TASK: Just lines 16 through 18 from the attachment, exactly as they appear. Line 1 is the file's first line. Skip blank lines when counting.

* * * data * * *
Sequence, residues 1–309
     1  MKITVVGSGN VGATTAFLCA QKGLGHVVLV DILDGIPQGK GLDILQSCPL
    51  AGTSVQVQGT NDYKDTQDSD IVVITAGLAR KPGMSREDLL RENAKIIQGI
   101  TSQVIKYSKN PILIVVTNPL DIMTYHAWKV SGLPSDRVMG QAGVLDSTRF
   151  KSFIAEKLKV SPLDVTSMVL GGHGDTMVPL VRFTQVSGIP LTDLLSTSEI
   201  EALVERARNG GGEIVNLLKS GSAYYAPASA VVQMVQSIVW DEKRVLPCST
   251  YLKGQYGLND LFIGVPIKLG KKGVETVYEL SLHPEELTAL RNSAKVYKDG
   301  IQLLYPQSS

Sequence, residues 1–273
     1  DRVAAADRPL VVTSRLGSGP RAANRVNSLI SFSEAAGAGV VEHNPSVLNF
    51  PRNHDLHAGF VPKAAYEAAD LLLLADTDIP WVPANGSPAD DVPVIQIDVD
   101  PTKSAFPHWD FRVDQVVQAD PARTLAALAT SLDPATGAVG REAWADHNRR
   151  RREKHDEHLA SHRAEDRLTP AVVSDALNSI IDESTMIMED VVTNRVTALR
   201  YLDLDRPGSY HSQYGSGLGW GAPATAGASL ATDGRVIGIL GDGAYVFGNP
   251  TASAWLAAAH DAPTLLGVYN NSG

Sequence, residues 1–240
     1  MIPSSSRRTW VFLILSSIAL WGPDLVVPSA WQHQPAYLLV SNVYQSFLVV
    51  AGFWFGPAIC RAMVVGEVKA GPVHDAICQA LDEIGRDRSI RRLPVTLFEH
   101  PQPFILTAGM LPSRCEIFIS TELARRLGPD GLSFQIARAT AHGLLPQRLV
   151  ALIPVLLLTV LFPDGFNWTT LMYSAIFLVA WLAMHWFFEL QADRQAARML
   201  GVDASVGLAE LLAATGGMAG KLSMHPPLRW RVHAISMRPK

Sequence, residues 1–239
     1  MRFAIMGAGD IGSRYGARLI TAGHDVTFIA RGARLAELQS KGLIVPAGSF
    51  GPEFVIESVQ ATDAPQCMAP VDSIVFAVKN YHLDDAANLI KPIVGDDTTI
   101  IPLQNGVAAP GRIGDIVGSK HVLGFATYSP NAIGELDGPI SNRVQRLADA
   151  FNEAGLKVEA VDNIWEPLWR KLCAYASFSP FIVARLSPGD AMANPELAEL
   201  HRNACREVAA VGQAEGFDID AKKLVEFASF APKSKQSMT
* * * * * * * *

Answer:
Sequence, residues 1–240
     1  MIPSSSRRTW VFLILSSIAL WGPDLVVPSA WQHQPAYLLV SNVYQSFLVV
    51  AGFWFGPAIC RAMVVGEVKA GPVHDAICQA LDEIGRDRSI RRLPVTLFEH